'Lone Ranger' May Not Be Dead Yet

At the end of last week the biggest news might have been that Disney had canceled development of Gore Verbinski's Lone Ranger, which was set to star Johnny Depp as Tonto and Armie Hammer as the title character. At issue was the budget. The film, based on a script full of visualizations of Native American mysticism and werewolves, and featuring a few big action sequences, was going to cost about $250 million to make.

What? $250m for a western! The Coens spent barely $40m on True Grit. Another $210m? Even with Johnny Depp, that's a lot of digital werewolves. Verbinski and producer Jerry Bruckheimer aren't ready to let the movie go just yet, however. Quite a few script changes and fee cuts are under way now. The werewolves have been given the boot (thankfully!) and it looks like some other big alterations are taking place in order to get the cost down to a far more reasonable $220m or less.

Yeah, that's right — Lone Ranger will still be at least a $200m movie. Here's what THR says is being re-worked:

Fees: Gore Verbinski and Jerry Bruckheimer have reportedly both cut their fees, to the tune of a $10m savings. (Yes, that's an offhand cut of more money than you'll see in your life, to get Lone Ranger made. Cynical yet?)The Supernatural: The "werewolves and other supernatural creatures" from the last draft have been cut. That seems like an element very much for the better — do we need the Lone Ranger and Tonto firing silver bullets and arrowheads at werewolves? S***, no.Trains: The current draft still has three "massive action set pieces involving trains," including "one described as the biggest train sequence in film history." That I can accept; trains are a huge part of western lore, and of western movie history. I'd rather see the script be good, and make the whole "Don Quixote from Sancho Panza's point of view" approach really work, but a train setpiece or two doesn't sound way out of bounds. That is, until they start to push the movie into the $200m range. Just imagine what sort of wonderful success Disney might have if they could make something that people responded to in the way that audiences took to True Grit, but at $100m rather than twice that cost?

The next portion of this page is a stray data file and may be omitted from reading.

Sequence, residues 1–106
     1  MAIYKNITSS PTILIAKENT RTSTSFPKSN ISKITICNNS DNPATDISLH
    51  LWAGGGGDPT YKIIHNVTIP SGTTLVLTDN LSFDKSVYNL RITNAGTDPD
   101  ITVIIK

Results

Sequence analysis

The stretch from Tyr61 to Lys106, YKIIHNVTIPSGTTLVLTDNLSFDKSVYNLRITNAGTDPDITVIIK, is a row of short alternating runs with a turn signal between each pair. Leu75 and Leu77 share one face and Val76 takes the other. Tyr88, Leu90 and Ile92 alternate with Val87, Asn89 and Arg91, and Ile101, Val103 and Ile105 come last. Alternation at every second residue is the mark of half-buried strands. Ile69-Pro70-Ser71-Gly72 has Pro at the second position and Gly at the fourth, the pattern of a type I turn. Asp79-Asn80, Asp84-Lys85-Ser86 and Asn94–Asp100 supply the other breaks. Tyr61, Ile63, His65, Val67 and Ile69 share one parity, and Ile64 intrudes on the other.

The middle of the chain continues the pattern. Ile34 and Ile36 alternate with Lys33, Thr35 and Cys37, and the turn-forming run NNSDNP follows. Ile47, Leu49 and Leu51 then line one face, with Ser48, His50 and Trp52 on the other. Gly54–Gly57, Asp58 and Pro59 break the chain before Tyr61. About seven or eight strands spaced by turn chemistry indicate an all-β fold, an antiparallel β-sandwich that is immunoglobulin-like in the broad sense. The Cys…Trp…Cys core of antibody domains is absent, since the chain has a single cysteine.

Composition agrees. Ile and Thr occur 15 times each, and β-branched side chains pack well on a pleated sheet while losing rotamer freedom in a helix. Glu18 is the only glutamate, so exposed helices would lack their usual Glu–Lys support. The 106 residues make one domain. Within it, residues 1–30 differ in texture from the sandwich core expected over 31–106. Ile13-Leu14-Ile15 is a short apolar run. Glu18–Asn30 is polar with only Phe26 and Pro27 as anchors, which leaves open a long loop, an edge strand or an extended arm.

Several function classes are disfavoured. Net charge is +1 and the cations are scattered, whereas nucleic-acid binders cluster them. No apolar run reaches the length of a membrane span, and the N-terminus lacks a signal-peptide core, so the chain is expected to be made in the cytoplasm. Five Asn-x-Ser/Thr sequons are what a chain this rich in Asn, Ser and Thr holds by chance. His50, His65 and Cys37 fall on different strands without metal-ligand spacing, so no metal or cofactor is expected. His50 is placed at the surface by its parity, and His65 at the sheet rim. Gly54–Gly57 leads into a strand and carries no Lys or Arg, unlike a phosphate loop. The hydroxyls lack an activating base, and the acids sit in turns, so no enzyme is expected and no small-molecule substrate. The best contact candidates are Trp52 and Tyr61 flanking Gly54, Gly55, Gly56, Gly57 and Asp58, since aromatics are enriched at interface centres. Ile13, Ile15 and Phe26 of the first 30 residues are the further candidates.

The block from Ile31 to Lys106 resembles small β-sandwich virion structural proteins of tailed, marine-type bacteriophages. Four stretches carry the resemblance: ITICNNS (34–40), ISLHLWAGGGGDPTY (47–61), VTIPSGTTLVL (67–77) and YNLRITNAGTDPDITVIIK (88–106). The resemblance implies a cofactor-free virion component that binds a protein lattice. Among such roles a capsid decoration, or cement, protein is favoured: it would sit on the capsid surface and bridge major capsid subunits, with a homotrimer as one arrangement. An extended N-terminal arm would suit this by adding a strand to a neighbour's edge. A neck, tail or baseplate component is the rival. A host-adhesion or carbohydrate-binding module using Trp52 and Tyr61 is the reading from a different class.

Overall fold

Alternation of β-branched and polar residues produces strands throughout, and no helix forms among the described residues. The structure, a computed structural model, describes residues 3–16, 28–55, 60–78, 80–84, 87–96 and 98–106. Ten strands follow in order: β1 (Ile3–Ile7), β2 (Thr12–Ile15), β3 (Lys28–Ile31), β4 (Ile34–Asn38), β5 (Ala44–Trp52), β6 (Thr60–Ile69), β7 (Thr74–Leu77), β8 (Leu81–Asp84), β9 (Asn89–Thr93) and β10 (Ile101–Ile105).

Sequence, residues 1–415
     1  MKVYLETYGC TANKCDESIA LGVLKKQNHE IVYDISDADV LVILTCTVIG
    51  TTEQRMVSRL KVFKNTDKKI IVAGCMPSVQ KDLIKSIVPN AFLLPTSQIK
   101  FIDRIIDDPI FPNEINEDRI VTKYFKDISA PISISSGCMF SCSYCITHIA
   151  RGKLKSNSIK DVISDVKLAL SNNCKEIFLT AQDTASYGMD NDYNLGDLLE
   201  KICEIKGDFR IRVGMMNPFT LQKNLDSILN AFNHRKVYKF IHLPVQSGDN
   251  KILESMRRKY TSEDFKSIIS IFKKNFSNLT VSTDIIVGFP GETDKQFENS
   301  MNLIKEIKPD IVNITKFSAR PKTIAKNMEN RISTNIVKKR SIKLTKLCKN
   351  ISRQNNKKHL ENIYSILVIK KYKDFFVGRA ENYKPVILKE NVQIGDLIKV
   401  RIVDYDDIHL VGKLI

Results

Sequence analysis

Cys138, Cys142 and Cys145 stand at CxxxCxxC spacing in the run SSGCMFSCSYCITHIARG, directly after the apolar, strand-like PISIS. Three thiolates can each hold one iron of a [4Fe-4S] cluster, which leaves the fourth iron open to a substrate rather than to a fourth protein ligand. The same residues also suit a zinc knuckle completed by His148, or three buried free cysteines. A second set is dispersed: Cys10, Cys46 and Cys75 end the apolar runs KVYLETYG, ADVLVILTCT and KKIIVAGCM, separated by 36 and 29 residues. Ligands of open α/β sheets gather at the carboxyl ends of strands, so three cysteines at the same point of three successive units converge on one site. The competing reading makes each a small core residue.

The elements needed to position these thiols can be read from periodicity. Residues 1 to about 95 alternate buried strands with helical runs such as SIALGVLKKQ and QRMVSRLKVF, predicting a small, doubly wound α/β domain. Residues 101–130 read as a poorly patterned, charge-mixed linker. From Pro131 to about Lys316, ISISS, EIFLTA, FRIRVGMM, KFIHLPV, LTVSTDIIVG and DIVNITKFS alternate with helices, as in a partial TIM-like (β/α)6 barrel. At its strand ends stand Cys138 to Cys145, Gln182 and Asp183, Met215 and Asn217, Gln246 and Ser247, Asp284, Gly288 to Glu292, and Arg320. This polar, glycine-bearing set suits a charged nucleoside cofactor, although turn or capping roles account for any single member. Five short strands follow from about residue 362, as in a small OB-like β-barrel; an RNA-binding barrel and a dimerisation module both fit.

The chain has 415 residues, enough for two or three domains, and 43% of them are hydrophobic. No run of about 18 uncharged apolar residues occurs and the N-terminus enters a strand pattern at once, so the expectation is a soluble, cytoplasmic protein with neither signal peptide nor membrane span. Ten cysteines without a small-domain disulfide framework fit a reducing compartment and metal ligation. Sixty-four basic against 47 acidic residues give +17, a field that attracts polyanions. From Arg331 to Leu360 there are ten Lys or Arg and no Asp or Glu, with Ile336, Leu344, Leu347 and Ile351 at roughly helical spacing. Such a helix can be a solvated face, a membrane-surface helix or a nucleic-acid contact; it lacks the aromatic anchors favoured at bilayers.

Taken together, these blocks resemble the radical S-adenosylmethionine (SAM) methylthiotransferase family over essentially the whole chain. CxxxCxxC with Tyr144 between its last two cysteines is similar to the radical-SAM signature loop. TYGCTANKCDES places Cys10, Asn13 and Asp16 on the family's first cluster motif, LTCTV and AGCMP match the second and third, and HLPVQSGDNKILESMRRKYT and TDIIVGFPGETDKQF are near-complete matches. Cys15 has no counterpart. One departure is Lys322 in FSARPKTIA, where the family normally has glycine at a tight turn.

Now the question: will Gore Verbinski still direct? Some Disney execs reportedly frown (that's putting it mildly) on Verbinski's spend-happy habits as evidenced on the first three Pirates of the Caribbean films. We've got no answer at this point about whether someone else might be brought in to direct. (Rob Marshall, perhaps?) But if Disney tentpole movies are really more about spectacle than story, will it even matter, so long as that spectacle is delivered in a way that makes money?

Another question: will this be settled this week, in time to trop everyone out on stage during Disney's D23 expo this weekend?